Women's Group Seizes Harvard Building



Demand Low-Income Housing And Permanent Women's Center

About 150 women ended a march celebrating International Women's Day by seizing a Harvard building Saturday afternoon.

The Architectural Technology Workshop, located at 888 Memorial Drive near Peabody Terrace, houses design workshops and two classes per week in the Graduate School of Design. The building is part of the Treelands site and is slated for demolition in the plan to construct new graduate school housing.

The group of organizers included women from organizations including Bread and Roses, the Old Mole Women's Caucus, and Gay Women's Liberation.

At 7:15 Saturday, Maurice Kilbridge, dean of the Graduate School of Design, read a statement to the occupants calling the seizure "unauthorized and unlawful." The statement also said the women were subject to "grave dangers" because of the inadequate plumbing and heating facilities. The occupiers managed to restore the plumbing facilities by Sunday afternoon.

A University statement issued yesterday said that the two classes scheduled to meet in the building on Monday, professor Eli Traum's "Structural Design" and lecturer Fred Moavenzadeh's "Material Technology," will temporarily meet elsewhere.

Women from the Boston area, described by a spokeswoman as "feminist, anti-imperialist, socialist," planned Saturday's march. About eight women organized the building takeover, and few of the marchers themselves knew the building's locale. Harvard had stationed police in the Yard to prevent a seizure there.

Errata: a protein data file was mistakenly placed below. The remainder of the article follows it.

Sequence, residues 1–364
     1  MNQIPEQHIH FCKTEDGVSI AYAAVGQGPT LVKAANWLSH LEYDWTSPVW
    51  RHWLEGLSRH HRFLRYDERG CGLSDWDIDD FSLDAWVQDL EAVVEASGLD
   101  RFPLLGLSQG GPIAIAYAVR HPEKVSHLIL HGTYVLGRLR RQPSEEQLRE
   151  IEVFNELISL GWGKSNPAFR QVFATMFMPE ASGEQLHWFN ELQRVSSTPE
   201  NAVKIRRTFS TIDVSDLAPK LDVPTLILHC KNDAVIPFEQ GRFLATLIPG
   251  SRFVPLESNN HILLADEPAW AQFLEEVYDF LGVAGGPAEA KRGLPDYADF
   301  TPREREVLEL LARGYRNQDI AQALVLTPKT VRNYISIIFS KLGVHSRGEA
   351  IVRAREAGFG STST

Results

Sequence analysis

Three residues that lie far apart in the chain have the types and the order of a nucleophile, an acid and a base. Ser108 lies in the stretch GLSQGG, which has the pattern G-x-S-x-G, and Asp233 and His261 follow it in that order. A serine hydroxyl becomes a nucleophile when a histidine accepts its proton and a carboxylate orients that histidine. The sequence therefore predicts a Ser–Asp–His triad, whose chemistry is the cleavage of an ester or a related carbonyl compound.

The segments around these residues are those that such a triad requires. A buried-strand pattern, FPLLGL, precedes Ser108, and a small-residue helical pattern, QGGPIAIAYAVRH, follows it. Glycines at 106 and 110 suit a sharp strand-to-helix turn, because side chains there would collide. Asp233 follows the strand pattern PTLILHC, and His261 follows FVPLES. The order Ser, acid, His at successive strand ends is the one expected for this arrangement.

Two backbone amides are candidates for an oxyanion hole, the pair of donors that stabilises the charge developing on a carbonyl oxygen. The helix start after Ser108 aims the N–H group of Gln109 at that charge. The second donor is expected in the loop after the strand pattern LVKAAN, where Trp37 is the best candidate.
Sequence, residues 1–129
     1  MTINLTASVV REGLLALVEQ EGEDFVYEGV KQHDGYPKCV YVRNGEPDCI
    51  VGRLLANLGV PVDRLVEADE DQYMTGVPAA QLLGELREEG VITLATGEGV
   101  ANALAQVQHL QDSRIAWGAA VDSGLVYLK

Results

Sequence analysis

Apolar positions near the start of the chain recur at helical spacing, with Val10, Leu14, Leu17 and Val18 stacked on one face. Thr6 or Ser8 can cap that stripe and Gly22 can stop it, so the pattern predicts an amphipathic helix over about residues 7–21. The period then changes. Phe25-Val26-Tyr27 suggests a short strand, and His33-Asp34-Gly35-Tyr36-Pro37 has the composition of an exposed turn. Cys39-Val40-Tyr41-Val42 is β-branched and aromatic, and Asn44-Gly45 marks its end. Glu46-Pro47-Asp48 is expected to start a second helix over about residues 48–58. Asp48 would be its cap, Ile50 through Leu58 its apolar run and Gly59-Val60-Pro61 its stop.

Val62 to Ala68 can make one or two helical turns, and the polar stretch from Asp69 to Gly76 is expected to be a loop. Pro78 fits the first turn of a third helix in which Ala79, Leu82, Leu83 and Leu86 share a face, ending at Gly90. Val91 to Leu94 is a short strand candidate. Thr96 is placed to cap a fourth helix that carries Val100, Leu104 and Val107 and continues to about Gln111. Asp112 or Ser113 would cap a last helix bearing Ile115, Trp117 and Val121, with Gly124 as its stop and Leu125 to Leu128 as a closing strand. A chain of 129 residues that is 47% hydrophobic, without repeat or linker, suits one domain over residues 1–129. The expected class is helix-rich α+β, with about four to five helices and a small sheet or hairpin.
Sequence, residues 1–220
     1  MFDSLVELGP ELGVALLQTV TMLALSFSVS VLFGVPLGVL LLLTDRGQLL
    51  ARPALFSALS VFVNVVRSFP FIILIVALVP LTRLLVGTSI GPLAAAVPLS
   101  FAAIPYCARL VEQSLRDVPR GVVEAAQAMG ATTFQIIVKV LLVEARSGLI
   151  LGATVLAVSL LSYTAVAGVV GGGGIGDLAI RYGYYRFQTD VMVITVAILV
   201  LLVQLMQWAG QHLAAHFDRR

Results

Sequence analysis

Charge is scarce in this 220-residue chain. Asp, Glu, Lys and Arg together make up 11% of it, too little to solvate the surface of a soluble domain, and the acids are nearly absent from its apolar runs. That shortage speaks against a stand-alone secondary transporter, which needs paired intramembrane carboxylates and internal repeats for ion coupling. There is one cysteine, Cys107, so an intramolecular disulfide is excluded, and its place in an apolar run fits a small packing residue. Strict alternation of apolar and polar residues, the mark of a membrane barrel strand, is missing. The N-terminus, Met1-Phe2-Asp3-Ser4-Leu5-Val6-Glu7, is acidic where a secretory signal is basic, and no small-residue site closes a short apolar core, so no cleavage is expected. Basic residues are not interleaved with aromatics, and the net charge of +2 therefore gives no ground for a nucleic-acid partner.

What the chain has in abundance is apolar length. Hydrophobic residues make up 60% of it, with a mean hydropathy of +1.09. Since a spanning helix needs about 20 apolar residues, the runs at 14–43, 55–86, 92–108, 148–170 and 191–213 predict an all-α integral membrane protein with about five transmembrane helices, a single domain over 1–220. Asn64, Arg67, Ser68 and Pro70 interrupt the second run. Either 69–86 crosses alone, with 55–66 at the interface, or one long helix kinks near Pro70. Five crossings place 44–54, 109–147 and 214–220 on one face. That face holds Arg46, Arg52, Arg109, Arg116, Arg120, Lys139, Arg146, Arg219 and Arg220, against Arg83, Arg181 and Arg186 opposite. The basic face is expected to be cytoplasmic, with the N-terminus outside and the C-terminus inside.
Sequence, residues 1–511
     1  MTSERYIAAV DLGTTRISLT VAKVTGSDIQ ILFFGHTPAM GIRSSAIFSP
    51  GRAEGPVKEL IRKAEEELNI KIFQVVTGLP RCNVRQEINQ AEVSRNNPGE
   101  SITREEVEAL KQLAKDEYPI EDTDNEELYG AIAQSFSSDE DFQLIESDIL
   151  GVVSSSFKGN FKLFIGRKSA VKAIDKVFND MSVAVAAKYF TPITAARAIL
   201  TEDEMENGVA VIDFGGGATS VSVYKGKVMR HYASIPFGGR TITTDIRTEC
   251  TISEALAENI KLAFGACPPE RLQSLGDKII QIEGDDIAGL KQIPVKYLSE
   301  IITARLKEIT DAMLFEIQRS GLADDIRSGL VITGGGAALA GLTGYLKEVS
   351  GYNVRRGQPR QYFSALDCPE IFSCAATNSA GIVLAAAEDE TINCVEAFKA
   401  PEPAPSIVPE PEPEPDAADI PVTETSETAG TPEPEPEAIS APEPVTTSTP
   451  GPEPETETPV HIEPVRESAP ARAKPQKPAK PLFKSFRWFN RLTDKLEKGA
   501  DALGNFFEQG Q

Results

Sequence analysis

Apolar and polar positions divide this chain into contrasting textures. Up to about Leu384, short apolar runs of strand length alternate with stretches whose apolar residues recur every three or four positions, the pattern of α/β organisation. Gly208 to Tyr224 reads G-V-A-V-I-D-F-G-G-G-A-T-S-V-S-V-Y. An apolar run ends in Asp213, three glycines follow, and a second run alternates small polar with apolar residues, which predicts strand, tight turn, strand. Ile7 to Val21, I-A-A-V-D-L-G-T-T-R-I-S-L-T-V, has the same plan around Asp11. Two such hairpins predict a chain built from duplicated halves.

In their first statement, issued at 3 p. m., the women declared "this liberated building a women's center where women from all over will be able to meet with each other, exchange ideas and feelings, and determine what we need to do together."

Saturday evening the building was filled with women from Radcliffe, Gay Liberation, and various local women's groups. Occupants and sympathizers provided tables of food and mattresses and child care facilities.

Saturday Night

The atmosphere in the main room was joyous and several women danced and sang. A blackboard was used for sign-ups for guard duty.

By about 1 a. m. many of the women had loft the building and gone home, leaving about three dozen to stay the night.

Yesterday afternoon over a hundred women gathered again at the "Liberated Women's Center" to discuss further plans and tactics.

That meeting reaffirmed the women's intent to occupy the building indefinitely and to continue to provide services of child-care, health referral, legal aid and self-defense to women.

Their 6 p. m. Sunday press release said, "The University has stated that this building is unavailable. We agree. This building now belongs to the women of this city."

During the afternoon meeting, Saundra Graham, president of the Riverside Planning team, and other residents of the neighboring Riverside community joined the women. They have been fighting Harvard for low-cost housing over the past two years. Those at the meeting allied themselves with the Riverside demand, and women in the community offered their active support for the women's center.

The three stated demands of the women occupying the building are: